Inspired by a little-known picture book from the pen of Bethany Tudor, this is a diary, of sorts, where I document some of my thoughts, activities, and ideas as I explore the challenges met by the characters in the story: hard work, the care and nurture of others, housekeeping skills, life changes, charity, community, and cooperation, among others. Like Samuel and Samantha, the ducks in the tale, I struggle and succeed, cope and celebrate, work and play, handling the tasks that come my way. I invite you to join me on my journey.

Tuesday, November 20, 2007

A Cool Tool!

I am forever explaining to my husband that his tools are different from my tools. Generally speaking, his are actual tools (like drills, hammers, screwdrivers, etc.) that are needed to complete some sort of specific task. For example, the last time King Richard repaired my Subaru, he informed me that our jack stands were unsafe for the job because they were too short. I saw his point and accompanied him to Sears where we purchased new and taller jack stands.

My tools, on the other hand, are appliances, organizational aids, electronic devices, and software that streamline work and make it possible for my forty-six-year-old brain to remember all the details of managing a home. However, unlike the obvious safe-unsafe criteria in the previous example, it is sometimes a bit more difficult to convince my husband of the need for my new tools. Case in point, about two weeks ago, we finally purchased a new refrigerator because the old one was, frankly, decrepit. Food froze in the back of the main compartment; items in the front of the freezer would partially thaw; the lower shelf was so difficult for me to reach when my sacroiliac joint flared up that science experiments would often materialize there. As I told a friend of mine, I reached a point where I disliked the appliance so much, I didn’t even want to open it to take food out or put food in. The grill on the bottom was secured on one side by high-pressure tape; the door gasket was split in a few places; plus, the door itself wouldn’t shut completely unless you pushed it gently with your foot. The need for a replacement seemed pretty me. Yet, it still took a year (or more) to convince my hubby a new tool was in order.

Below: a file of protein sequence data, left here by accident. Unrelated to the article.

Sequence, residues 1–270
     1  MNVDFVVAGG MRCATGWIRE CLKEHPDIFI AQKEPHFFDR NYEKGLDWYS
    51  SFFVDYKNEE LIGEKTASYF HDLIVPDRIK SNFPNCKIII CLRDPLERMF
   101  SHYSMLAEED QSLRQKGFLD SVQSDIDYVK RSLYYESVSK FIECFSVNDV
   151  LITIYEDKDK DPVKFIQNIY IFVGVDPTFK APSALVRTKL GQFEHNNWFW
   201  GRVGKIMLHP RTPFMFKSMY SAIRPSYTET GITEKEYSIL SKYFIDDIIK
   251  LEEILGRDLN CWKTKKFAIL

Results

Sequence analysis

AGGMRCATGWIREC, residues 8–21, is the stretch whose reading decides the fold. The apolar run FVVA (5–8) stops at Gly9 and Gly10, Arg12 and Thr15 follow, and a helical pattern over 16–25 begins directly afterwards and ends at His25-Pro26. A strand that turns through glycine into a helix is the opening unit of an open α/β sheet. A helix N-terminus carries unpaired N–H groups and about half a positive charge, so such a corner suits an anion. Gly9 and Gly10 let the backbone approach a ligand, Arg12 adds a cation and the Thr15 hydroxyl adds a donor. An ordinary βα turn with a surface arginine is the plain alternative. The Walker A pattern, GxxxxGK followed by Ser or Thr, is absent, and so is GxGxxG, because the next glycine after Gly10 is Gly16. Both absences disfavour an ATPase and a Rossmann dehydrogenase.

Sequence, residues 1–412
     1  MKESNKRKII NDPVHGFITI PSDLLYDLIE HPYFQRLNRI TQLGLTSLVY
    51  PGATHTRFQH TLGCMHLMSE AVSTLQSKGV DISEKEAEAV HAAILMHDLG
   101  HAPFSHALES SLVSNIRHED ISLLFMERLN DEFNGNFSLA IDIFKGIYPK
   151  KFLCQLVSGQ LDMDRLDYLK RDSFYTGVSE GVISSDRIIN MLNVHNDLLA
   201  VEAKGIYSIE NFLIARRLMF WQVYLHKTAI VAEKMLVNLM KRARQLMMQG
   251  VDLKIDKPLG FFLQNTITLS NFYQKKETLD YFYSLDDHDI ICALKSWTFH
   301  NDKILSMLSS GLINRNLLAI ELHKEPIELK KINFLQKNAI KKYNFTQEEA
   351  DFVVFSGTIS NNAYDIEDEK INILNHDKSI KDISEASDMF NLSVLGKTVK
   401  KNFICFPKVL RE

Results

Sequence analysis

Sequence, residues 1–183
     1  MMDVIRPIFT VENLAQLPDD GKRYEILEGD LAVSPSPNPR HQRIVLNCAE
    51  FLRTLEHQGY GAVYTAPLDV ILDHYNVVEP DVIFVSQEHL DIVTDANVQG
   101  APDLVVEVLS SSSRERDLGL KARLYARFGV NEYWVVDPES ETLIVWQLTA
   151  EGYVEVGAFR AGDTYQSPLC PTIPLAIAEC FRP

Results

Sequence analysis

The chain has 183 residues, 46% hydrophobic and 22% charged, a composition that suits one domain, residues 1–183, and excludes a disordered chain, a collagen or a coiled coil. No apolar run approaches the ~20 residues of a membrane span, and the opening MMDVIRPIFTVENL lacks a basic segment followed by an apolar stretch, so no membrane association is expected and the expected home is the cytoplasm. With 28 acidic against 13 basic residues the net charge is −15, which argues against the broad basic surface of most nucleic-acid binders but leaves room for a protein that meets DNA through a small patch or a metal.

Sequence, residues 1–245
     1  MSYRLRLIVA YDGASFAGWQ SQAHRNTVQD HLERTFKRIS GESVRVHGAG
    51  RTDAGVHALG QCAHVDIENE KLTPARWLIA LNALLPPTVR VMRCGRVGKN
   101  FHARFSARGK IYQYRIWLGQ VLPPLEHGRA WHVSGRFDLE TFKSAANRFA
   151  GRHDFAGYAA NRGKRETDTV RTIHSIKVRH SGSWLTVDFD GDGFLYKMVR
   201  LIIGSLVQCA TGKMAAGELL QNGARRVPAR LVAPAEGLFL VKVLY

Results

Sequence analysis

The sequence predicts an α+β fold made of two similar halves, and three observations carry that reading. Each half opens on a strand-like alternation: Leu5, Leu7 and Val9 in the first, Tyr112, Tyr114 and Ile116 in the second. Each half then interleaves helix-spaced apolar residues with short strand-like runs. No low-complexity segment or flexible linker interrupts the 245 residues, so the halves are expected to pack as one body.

Which brings me to my latest desire: the SmartShopperTM Voice-Activated Grocery List. Here is a description from the Sharper Image website:
Save time on errands and at the market with an up-to-date, alphabetical list that’s arranged according to errands and groceries. Press Record, say the places to go (such as Bank, Post Office or Dry Cleaners) and the items you need (such as Apples, Paper Towels, Wheat Bread and even brand names), click Print and the compact SmartShopperTM produces a printout, organized into errands and groupings such as Produce and Frozen Foods.

Specify quantities, add or delete items anytime using the library of 2,500 items, and enter your own custom items. The voice recognition software is state-of-the art, the thermal printer doesn’t require ink cartridges, and the LCD is bright and easy to read. Mount on the wall, stick on the refrigerator with built-in magnets, or place on a kitchen countertop. Includes two rolls of paper. Uses 4 AA batteries (order separately), measures 7 1/4” x 4 1/2” x 1 1/2” and weighs 1- 1/2 oz. One-year warranty.
Does this not look and sound like an awesome work assistant?! Ownership of this little gem would definitely streamline my planning routine and, therefore, my housework. It would also keep my brain on track. I could attach the device to my refrigerator and just tell it what I want it to know when I think of it, without leaving my other tasks. Plus it would save on paper! I wouldn’t be writing all the other lists I now pen just trying to remember everything I need to do or purchase.

King Richard, if you are reading this blog entry, please make note --- this tool is on my Christmas list. :-)

Note: Lest some of the women out there think I have no mind of my own, please be advised that I do not consult my husband on every purchase in our home. However, after twenty-two years of marriage, we have learned to consult each other on major purchases like appliances and auto maintenance hardware.

No comments: